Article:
‘Talk, talk, talk about your feelings’

Posted on: 18 May 2023

As Mental Health Awareness Week gets underway, teaching assistant Johanna Robinson discusses the many ways Springmead School supports pupils with their mental health, and why it is so important to encourage children to talk about how they feel.

The Oxford English Dictionary defines mental health as “a person’s condition with regard to their psychological and emotional well-being”. However, here at Springmead School, we understand that mental health is far more subjective and nuanced than that, especially when applied to the pupils in our care. The children of today face unprecedented, ever-changing times as a result of the pandemic, quickly evolving technology and many other variables that we cannot predict or control. What we can do, though, is equip ourselves with a toolbox of strategies to support children (and indeed one another) as we navigate these challenges together.

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We try to take a holistic approach in supporting our children mentally, both in and out of the classroom. Inside the classroom you’ll find:

  • A Worry Monster – a small soft toy that allows children to write down their worries anonymously and post them into the Monster’s mouth to be ‘eaten’ (allowing staff a valuable insight into their pupils’ minds).
  • Small class sizes and high staff to children ratios, giving them access to a trusted adult at all times. After all, a problem shared is often a problem halved.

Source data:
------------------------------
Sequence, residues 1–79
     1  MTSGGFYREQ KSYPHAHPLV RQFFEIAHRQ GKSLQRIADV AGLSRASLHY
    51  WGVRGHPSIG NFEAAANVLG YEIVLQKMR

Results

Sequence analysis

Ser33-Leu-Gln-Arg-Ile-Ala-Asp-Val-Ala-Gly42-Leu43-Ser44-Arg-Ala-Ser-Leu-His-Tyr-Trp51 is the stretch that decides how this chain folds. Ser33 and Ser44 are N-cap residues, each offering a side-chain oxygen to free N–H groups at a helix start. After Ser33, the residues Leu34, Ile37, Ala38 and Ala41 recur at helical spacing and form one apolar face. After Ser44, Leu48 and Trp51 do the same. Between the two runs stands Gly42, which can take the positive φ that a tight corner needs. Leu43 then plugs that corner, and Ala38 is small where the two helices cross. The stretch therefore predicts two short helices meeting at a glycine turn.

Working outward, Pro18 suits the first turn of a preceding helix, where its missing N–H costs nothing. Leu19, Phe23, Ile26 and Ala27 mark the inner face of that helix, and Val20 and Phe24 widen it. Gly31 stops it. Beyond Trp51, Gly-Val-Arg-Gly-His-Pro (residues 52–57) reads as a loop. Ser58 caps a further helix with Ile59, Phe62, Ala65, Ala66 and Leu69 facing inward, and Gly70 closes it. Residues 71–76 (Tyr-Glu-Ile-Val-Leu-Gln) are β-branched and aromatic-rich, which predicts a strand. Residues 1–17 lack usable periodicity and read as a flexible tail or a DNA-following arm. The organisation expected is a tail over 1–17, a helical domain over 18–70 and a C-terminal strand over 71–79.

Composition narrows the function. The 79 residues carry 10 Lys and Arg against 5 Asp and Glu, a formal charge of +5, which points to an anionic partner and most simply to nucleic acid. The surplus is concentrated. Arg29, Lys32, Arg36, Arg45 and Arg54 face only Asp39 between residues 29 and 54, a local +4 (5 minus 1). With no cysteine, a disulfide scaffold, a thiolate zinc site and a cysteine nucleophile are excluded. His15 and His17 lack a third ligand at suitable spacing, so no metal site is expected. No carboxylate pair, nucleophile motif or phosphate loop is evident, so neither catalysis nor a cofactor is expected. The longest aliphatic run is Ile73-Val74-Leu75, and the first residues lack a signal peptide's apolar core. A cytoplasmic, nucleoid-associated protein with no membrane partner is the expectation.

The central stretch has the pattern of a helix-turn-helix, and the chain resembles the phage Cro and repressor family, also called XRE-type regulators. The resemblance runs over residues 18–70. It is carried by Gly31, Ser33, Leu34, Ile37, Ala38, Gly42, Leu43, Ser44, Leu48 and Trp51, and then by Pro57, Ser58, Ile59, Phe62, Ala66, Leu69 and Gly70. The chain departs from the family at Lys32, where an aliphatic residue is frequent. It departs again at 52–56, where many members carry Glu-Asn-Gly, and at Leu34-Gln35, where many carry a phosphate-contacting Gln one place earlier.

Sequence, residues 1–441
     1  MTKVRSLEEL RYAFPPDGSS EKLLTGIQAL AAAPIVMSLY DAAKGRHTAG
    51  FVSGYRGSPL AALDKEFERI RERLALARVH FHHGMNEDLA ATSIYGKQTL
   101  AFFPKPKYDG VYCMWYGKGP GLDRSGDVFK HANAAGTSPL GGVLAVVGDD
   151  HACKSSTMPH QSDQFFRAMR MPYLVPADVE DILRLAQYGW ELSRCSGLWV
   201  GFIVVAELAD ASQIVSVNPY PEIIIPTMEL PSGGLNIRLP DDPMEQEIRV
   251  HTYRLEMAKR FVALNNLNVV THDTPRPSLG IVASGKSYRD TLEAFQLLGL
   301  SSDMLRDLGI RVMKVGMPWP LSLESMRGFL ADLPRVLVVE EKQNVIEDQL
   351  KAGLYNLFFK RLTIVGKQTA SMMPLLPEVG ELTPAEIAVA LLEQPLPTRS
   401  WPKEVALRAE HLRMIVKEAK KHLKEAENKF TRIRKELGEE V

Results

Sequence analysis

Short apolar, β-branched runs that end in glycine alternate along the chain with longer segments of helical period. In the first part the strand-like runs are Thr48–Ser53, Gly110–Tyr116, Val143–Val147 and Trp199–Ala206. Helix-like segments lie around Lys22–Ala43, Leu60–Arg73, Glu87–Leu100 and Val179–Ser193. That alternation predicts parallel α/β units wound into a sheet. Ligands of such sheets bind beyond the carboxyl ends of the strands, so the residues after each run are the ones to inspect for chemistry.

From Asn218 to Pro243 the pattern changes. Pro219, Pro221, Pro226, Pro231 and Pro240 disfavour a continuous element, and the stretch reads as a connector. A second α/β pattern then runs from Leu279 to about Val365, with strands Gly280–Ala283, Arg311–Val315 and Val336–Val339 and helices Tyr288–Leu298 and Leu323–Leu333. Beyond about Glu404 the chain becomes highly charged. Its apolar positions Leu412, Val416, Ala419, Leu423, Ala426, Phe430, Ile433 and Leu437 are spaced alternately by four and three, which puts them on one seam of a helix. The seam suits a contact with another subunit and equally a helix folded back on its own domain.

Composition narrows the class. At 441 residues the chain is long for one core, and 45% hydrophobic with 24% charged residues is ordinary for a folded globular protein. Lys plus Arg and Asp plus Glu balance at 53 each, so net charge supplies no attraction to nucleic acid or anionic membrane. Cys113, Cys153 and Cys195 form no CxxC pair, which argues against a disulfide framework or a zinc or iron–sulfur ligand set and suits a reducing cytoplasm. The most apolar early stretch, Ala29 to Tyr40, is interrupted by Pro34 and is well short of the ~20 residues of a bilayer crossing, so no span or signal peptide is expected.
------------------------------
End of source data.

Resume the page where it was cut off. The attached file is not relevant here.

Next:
• Frequent PSHE sessions and circle times, encouraging children to talk openly about their mental health and emphasising the importance of taking care of it.

Outside the classroom you’ll find:

  • Regular ‘drop-in’ clubs, giving children the opportunity to escape the hustle and bustle of the playground and seek a more mindful activity, alongside one-to-one time with an adult.
  • A broad, award-winning spectrum of extra-mural clubs that prioritise emotional health as much as physical health; encouraging children to engage in a variety of hobbies and physical activities, scientifically proven to improve mental wellbeing.
  • Close, two-way communication with parents, allowing us to support children continuously in their emotional development.
  • A mental health policy that all staff are familiar with, interwoven into all areas of school life.
  • Staff members undergoing ‘Thrive Licensed Practitioner’ training, allowing early interventions, mental health first aid, individual and group action plans and more.
  • A working ‘hub’ in collaboration with other Forfar Education schools, enabling us to share best practice and learn from one another’s experiences.

Monday 15 May marked the beginning of Mental Health Awareness Week. Whilst we always try to encourage children to talk, talk and talk some more about their feelings, this week we will be pushing that incentive even further. Throughout the school there’ll be circle times and specialised PSHE lessons: the goal is to equip every child with strategies they’ll carry for the rest of their lives through these sessions, and for each child to know where to turn in crisis.

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To raise awareness and encourage the children to ‘Move for Their Minds’, the whole school will be going for a ‘Wellness Walks’ while wearing a green ribbon, in honour of mental health week. The children will be encouraged to pay attention to how they feel, not just in their bodies but in their minds, before and after the walk: learning the basic principles of mindfulness at a young age.

All in all, we firmly believe in the ‘start ‘em young’ approach – the more we talk about mental health, the better!

About Johanna Robinson

Johanna Robinson is a teaching assistant at Springmead School.